A federal judge in Delaware has dropped misdemeanor tax charges against Hunter Biden. This decision came after an anticipated plea deal did not materialize during his initial court appearance related to the case.
Recently, the Justice Department made a move to have the tax case set aside, preceding a potential trial focusing on Biden’s separate felony gun charge.
Following the breakdown of the plea agreement, Biden entered a “not guilty” plea, with authorities confirming that he remains under federal scrutiny. The plea deal had originally intended for Biden to admit guilt for two misdemeanor counts of deliberately not paying federal income taxes, thus avoiding imprisonment for the felony gun charge.
There’s ongoing disagreement between Biden’s legal representatives and Special Counsel David Weiss regarding a diversion deal for the felony charge that might save him from imprisonment. Weiss has hinted at possibly bringing Biden to trial, either in Washington, D.C. or California.
Weiss recently dismissed assertions from Biden’s legal team that his office had backed out of the plea deal concerning President Biden’s son addressing both the tax and gun charges, asserting that such an agreement was never finalized.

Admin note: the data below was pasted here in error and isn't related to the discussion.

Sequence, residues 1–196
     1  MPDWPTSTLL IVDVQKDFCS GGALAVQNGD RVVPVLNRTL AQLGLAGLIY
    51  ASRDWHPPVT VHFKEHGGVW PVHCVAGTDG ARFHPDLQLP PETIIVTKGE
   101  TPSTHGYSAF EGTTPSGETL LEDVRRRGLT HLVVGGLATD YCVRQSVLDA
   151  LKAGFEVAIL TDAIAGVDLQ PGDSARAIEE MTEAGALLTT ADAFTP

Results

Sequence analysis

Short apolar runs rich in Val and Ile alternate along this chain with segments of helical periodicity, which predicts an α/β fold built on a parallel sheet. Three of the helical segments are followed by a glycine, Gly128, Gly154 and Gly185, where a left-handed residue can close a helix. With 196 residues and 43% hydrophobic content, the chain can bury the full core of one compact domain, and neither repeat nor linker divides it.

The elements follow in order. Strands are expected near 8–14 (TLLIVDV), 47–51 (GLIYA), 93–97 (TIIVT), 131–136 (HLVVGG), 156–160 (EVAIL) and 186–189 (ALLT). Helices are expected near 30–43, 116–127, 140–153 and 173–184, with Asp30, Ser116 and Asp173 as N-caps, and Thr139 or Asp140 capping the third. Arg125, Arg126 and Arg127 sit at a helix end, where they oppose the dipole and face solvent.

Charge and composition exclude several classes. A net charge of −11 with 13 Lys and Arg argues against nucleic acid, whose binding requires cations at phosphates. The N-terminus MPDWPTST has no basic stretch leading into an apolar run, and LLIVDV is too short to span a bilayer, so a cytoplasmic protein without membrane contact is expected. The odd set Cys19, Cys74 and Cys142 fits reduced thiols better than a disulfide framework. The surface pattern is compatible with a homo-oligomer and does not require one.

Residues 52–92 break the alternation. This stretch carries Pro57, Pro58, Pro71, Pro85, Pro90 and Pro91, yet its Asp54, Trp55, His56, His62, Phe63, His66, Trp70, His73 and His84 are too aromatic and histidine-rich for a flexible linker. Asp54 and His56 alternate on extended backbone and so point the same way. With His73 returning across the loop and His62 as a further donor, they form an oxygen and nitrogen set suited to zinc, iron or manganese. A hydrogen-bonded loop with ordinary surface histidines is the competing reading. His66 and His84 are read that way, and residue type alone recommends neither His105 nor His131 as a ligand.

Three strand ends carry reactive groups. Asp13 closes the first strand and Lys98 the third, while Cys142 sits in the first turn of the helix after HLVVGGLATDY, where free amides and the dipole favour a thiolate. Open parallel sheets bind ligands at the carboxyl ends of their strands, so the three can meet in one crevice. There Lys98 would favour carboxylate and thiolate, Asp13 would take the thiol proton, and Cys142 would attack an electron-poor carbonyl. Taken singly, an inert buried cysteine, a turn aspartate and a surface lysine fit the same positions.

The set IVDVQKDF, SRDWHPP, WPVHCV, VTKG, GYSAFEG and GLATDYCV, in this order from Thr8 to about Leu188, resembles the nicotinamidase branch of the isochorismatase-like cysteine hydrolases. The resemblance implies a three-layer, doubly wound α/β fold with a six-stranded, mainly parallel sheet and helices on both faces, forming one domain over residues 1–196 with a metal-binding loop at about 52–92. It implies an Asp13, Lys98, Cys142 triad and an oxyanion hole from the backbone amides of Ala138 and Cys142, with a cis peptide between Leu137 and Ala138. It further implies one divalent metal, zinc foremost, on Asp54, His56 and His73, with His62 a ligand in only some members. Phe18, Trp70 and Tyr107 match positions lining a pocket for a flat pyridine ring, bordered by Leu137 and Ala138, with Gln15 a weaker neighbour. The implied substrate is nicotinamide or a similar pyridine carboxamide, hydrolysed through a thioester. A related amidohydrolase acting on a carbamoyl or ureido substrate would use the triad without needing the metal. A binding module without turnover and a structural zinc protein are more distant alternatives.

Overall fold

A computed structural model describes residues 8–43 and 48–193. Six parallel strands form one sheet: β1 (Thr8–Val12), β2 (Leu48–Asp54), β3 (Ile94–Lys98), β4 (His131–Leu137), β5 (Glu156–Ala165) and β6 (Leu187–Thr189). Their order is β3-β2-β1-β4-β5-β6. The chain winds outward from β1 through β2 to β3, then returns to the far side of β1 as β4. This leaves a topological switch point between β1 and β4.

In official documents, Weiss responded to claims made by Biden’s legal team, who had argued that both parties had reached a “concrete and binding Diversion Agreement.” Weiss noted that Biden decided to enter a “not guilty” plea at the July 26, 2023 hearing, and the suggested diversion deal was not given the green light by the U.S. Probation at the said hearing. As a result, no formal agreement was established.
By August 7, 2023, Biden had turned down the counter-offers. Weiss highlighted in a document that due to the deadlock between the involved parties, the Government informed Biden in written form on August 9, 2023, of their decision to pull out from the latest draft of the plea and diversion deals. This is the reason the Government petitioned the court to abandon its briefing instructions and to dismiss the tax-related criminal charges.